The new depository insurance fund launched by the Chinese central bank is expected to provide a “safety cushion” for China’s roughly 68 trillion yuan in personal deposits.
On 24 May the People’s Bank of China (PBOC) officially launched the Depository Insurance Fund Management Co., Ltd. (存款保险基金管理有限责任公司) with registered capital of 10 billion yuan, as part of efforts to bring China’s financial system in line with those of other jurisdictions.
Prior to May 2015 the deposits of Chinese citizens made at domestic banks were all fully backed by the state and the Chinese central bank.
Following the rapid liberalisation and growth of China’s banking sector, however, and the subsequent rapid entry of commercial banks, private banks, credit unions and foreign-invested lenders, Chinese regulators became increasingly concerned about the moral hazard created by its full backing of deposits.
As a consequence China implemented the “Depository Insurance Regulations” (存款保险条例) on 1 May 2015, and established a specialised depository insurance fund.
The Regulations stipulated that when individual financial institutions met with difficulties and were unable to guarantee the security of personal deposits, customers would enjoy prompt repayment of up to 500,000 yuan in personal deposits in order to protect their lawful rights.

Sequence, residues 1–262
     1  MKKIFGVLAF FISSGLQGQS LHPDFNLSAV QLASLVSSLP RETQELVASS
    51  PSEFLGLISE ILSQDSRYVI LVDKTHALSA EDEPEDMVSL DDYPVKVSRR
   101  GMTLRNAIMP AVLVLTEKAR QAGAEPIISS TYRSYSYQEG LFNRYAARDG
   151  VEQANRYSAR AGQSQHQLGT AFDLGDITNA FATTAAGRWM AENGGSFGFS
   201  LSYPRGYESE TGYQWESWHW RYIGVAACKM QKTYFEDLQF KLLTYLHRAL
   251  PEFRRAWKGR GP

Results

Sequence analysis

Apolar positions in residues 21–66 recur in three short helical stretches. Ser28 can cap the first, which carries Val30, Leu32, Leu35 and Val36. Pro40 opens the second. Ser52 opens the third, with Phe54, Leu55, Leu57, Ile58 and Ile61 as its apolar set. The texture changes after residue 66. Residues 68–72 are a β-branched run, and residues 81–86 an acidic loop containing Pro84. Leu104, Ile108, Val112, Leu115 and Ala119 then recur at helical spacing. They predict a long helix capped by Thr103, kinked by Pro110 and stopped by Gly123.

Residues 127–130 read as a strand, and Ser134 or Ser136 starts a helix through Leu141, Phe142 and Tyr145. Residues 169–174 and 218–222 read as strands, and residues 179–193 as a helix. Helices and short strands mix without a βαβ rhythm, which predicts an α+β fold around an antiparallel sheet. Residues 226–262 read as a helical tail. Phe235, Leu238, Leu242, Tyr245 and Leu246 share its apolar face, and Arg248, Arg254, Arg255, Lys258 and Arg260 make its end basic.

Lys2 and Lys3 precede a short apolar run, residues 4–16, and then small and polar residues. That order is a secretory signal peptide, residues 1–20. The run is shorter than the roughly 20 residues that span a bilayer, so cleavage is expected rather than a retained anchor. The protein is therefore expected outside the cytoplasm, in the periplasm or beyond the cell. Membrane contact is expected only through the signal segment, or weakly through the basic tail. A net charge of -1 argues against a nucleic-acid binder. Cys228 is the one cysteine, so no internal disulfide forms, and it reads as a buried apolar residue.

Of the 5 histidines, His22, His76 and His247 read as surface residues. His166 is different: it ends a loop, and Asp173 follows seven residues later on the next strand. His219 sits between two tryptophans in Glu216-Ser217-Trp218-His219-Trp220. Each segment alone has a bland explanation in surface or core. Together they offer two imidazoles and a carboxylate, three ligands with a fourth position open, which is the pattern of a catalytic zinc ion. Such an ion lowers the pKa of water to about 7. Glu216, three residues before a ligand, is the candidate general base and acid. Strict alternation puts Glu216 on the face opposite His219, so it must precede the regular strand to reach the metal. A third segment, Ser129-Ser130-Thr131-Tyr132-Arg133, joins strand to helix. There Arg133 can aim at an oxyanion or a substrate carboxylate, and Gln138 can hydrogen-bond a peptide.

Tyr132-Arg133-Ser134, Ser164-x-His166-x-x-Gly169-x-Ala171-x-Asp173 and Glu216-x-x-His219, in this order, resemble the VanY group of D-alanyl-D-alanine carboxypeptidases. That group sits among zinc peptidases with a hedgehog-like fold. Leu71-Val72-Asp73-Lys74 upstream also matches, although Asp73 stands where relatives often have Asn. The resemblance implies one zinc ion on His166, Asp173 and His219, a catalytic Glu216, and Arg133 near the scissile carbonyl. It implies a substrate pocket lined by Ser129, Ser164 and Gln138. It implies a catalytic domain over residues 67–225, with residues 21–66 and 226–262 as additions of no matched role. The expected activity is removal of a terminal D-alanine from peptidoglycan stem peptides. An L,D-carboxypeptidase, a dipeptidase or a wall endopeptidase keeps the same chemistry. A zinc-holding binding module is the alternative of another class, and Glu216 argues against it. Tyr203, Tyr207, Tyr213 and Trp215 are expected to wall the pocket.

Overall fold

As of 31 December 2018 a total of 4017 deposit-accepting banking sector financial institutions in China had taken out insurance in accordance with the regulations, generating a depository insurance fund balance of 82.12 billion yuan.
Analysts say that PBOC has established the new Depository Insurance Fund Management Co., Ltd. in response to ongoing growth in the scale of personal deposits in China, attended by a rise in financial market risk.
Official data indicates that as of the end of 2018 Chinese households had personal deposits worth 68 trillion yuan in total.